In recognition of Black History Month, the Reginald F. Lewis Museum partnered with Comcast and the Smithsonian Channel to air a special screening on February 19, 2020 that highlighted the accomplishments of the world’s first black astronauts.
“Black in Space: Breaking the Color Barrier,” a documentary presented by the Smithsonian Channel, chronicles some of America’s noteworthy experiences during the Civil Rights Movement in connection with the well-documented “Space Race” between the Soviet Union and the United States.
Concurrent with the Cold War rivalry between the U.S. and the Soviet Union, the documentary delves into the decades-long battle between the two superpowers for the first to bring diversity to outer space. The Black in Space screening shed light on the astronauts who were a part of that particular chapter of world history and the race to put the first black astronaut into orbit.
For the past five years, typically around February, the Reginald Lewis museum has used the partnership with the Smithsonian Channel to air films that deal with an aspect of Black History. This year’s screening, was unique in that black astronauts is a rare topic in public discourse, according to Jackie Copeland, the executive director of Reginald Lewis Museum.
“[The screening is] significant because no one thinks about African American astronauts, but we are a place that tells those stories,” Copeland said. “I’m very excited about it because, again, we’re a place where there’s knowledge and learning taking place, and we like to expose our visitors to the history of African Americans in all disciplines— and right now in space. Who would’ve thunk it, right?”
The courageous black men and women represented in the film like Robert Lawrence Jr.; Ronald McNair; Edward Dwight; and Guion Bluford; became astronauts at a time that many would consider risky, given the transformative era when the Space Race occurred. The film also studies the lasting legacy of the world’s first black astronauts— men who led the way for more diversity and inclusion in future NASA classes and space programs around the world.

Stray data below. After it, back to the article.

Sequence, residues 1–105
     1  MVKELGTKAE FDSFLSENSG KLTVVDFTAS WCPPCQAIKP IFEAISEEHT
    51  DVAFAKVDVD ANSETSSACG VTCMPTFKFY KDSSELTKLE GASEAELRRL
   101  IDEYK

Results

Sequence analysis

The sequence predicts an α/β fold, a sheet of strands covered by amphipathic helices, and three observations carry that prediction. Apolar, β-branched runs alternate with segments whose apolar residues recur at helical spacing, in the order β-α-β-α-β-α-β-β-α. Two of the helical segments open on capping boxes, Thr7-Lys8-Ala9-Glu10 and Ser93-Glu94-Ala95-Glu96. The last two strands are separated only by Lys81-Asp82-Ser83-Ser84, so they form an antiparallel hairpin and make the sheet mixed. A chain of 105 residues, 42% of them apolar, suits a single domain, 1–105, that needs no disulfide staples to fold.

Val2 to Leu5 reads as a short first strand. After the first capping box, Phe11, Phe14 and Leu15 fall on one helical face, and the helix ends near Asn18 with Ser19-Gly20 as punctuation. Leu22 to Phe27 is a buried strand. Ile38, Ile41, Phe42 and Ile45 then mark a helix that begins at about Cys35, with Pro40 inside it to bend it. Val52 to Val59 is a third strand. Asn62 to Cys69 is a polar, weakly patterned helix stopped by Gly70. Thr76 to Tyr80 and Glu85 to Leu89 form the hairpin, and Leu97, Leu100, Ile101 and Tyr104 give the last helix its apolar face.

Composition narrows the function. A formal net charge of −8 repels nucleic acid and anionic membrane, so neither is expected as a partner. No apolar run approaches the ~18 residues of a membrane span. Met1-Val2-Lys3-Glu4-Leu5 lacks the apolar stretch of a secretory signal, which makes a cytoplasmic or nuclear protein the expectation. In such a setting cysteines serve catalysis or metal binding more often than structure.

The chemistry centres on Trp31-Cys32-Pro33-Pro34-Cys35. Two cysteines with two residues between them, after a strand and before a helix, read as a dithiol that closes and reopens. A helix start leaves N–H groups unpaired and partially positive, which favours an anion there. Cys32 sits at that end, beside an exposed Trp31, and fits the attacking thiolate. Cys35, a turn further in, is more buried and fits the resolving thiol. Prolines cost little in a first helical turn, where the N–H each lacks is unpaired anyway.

“Black in Space” underlined some of NASA’s discriminatory practices against aspiring black astronauts while detailing how Russia exposed America’s glaring racism and hypocrisy by making history in sending the first person of African heritage to space: Arnaldo Tamayo Mendez, an Afro Cuban who flew in space on September 18, 1980.
Thus, the Soviet Union proved to the world that it was capable of changing the geo-political landscape of space by flying the world’s first black man.
But shortly thereafter, Bluford made history on August 30, 1983, becoming the first black American to travel in space. The Philadelphia native was a crewmember aboard the space shuttle Challenger, which took off from the Kennedy Space Center in Florida.
In addition, the screening had a segment that emphasized the racial tensions during the civil rights era and the subsequent protests and uprisings by black activists at the time. Civil rights figures such as Martin Luther King Jr., Ralph Abernathy and Gil Scott Heron expressed disdain with the idea of the U.S. government prioritized putting a man on the moon while many black citizens were being mistreated and were suffering from impoverished conditions.